Rabbit arrives

El conejo is integral to Spanish cuisine, particularly in the countryside where hunting traditions remain strong. Summer is rabbit hunting season and some of the compunction one may feel about eating our fluffy, floppy-eared friends is mitigated by the knowledge that they cause havoc in fields and vineyards. Reproducing with well-known enthusiasm, these conejos overrun woodlands and farms, damaging trees, helping themselves to Mr McGreggor’s vegetables, and foraging on the lesser known Mrs. Ribera del Duero’s vine shoots. So there you have it; my grand ethical argument in favor of rabbit consumption.

The culture of rabbit hunting is evident in many of the names given to traditional rabbit dishes in Spain: arroz a la cazadora (hunter’s rice with rabbit), liebre a la cazadora (hunter’s stew with hare), conejo a la brasa (grilled rabbit), and paella to name a few. The meat of good wild rabbits is suffused with the flavors of thyme and other herbs on which these animals feed. And while the farmed rabbits available in the US lack the same aromatic qualities, you can concoct a similar taste by cooking them with generous handfuls of herbs.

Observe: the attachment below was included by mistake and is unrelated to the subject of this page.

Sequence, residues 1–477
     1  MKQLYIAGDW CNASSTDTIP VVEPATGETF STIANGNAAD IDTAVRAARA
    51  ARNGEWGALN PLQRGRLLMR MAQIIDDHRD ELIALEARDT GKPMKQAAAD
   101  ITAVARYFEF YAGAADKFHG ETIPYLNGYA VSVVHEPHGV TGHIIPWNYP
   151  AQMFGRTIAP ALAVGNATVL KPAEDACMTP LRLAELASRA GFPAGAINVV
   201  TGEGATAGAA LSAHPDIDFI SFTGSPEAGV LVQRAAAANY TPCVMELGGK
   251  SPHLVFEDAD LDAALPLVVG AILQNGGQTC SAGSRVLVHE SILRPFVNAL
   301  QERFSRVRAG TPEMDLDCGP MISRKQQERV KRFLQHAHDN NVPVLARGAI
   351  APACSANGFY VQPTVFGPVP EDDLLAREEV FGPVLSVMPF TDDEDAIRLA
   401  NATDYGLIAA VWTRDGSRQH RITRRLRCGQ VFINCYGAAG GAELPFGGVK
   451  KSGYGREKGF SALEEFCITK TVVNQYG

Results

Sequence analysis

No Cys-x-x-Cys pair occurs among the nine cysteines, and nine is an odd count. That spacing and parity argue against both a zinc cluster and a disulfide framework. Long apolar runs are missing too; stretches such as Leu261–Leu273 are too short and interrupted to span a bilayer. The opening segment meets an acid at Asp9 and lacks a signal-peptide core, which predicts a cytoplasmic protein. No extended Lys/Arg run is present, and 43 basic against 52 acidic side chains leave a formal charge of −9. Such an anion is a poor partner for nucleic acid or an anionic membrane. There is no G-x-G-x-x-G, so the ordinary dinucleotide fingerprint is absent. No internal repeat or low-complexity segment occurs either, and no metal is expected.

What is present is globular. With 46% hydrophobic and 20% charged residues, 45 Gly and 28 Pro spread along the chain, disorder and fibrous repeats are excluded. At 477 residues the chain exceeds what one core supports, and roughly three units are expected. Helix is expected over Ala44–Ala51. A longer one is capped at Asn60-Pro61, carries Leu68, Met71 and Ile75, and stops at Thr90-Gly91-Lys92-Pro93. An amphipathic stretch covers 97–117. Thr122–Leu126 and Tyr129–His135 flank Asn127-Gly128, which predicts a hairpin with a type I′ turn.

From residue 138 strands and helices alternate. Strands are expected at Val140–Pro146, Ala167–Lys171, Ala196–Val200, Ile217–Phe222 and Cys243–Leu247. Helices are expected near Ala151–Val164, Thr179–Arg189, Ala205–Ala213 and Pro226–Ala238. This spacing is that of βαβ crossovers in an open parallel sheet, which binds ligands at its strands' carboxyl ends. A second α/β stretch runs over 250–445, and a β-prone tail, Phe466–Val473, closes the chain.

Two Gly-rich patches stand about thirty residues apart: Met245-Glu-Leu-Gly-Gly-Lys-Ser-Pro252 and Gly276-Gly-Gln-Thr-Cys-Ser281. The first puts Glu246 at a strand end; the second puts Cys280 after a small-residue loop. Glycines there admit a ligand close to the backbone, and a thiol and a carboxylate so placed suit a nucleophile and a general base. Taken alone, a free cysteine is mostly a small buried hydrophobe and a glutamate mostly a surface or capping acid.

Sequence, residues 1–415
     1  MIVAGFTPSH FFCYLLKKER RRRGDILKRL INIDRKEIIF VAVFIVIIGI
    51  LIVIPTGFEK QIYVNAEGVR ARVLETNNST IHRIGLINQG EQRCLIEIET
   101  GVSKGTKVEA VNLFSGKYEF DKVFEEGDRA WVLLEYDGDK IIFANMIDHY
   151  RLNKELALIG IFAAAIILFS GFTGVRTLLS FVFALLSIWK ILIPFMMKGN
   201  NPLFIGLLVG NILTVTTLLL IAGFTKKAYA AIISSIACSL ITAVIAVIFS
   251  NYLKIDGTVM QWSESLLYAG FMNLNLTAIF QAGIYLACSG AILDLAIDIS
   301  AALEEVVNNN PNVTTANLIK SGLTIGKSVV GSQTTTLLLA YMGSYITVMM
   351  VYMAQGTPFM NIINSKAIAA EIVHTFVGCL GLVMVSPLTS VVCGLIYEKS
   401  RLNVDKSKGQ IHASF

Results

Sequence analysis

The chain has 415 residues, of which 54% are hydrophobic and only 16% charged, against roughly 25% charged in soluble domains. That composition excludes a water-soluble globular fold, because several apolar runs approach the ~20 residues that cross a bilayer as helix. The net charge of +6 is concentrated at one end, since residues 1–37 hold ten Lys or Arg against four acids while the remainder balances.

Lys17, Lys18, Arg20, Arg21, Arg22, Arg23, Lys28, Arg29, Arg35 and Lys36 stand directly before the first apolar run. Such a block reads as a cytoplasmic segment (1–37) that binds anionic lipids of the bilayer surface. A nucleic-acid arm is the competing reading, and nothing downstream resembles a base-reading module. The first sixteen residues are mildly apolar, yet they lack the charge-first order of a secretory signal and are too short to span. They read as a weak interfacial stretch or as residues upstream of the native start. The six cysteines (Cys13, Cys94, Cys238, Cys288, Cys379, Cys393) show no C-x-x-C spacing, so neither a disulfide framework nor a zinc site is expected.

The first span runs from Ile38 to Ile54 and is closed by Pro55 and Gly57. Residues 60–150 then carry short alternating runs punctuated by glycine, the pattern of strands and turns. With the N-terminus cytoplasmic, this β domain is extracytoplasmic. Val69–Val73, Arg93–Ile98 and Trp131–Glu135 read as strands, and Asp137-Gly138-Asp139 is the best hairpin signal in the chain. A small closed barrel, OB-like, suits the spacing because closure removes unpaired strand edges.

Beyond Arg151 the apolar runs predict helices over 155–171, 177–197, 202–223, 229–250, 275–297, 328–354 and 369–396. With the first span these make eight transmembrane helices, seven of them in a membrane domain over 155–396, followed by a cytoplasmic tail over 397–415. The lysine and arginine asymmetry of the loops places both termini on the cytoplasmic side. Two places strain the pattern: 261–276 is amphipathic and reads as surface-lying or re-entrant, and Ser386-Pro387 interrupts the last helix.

Since many of our favorite Spanish recipes call for rabbit, we are delighted to finally have this delectable meat for sale at The Spanish Table. Sourced from Nicky Farms in Oregon, the rabbit is farm raised on a diet of mixed grains supplemented with alfalfa producing unsurpassed flavor.  All Nicky’s rabbits are guaranteed antibiotic and hormone free. Sold whole, frozen.

  • Add to paellaconejo 1
  • Marinate in wine
  • Slow cook in a cazuela
  • Simmer into a ragout

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